Carrie

    Wonderful book that gives commentary and study guides for all of Jane Austen's novels. From a Christian worldview, but not heavy-handed. Wonderful book that gives commentary and study guides for all of Jane Austen's novels. From a Christian worldview, but not heavy-handed.

  10. 4 out of 5

    Saphraneet

    This book brought clarity to her stories, her characters, and Jane Austen herself. Now I want to read all her books again!

  11. 5 out of 5

    Douglas Wilson

    Really good.

  12. 4 out of 5

    Sarah Coller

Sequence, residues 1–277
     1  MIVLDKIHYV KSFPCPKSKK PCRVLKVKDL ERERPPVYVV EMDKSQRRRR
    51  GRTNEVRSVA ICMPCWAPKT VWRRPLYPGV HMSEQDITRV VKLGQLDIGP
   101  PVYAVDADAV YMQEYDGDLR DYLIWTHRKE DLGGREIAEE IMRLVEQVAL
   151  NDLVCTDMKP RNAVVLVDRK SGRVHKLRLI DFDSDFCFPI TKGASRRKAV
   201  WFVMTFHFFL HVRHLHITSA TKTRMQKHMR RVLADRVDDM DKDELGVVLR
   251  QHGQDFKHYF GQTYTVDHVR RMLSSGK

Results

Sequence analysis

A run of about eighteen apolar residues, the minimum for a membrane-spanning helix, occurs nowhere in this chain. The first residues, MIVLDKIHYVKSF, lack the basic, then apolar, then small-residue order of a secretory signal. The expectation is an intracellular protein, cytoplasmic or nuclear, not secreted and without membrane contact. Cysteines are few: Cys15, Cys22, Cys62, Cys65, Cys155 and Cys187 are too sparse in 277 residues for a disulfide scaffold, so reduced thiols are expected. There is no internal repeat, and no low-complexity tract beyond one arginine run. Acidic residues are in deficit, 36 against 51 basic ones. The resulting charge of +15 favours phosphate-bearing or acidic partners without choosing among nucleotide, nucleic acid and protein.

Wow, I was not impressed with this author at. all. I originally chose the book, despite it's being a little bit "textbooky" because I was intrigued to see what the author had to say on the question of Jane Austen's true personal faith. You see, I just finished reading Cassandra and Jane by Jill Pitkeathley --- a fictional story in a biographical style that imagines the character of Jane as being much harsher than she is usually made out to be by real biographers. The author insinuates that Jane's Wow, I was not impressed with this author at. all. I originally chose the book, despite it's being a little bit "textbooky" because I was intrigued to see what the author had to say on the question of Jane Austen's true personal faith. You see, I just finished reading Cassandra and Jane by Jill Pitkeathley --- a fictional story in a biographical style that imagines the character of Jane as being much harsher than she is usually made out to be by real biographers. The author insinuates that Jane's faith was not genuine but was, instead, put on for the sake of the times and her family's situation. Other writers who have tried to make her out to be the ultimate Feminist have suggested the same. I would find it very refreshing to be assured that my favorite can be cynical, silly, sarcastic, and an authentic believer all at the same time---much as I am, myself! From tiny irritations like claiming Austen's was the world of "hoop skirts" (out of fashion decades earlier unless you were visiting the Royals) to really sweeping generalizations (detailed below), I was immediately turned off by the author's lack of education. Big words does not a scholar make. Leithart makes grand and arguable generalizations and assumptions about characters and plots, as well as the character of Austen herself, that I very much disagree with. A little thing is I think he's got the characters of Darcy and Elizabeth wrong---they both struggled with pride and prejudice, but I see Lizzie being the more prideful one and Darcy being the more prejudiced. A big thing is his view on what it means to be an effeminate male in the Austen era. He says Edward Ferrars is "more than a little effeminate" because he is "painfully silent". WHAT?? And Tilney, as well, because he knows so much about fabrics? Does this man not realize who were the primary sellers of fabrics, designers of clothing, and clothiers of the day? MEN! He was also way off on his understanding of the characters of Sense and Sensibility, Marianne and especially Willoughby's motives. The annoyances just go on and on ad nauseam to conclude with---no conclusion! Literally, the book just stops. Please don't waste your time. A knowledgeable Janeite will be perturbed and a new one will be misled.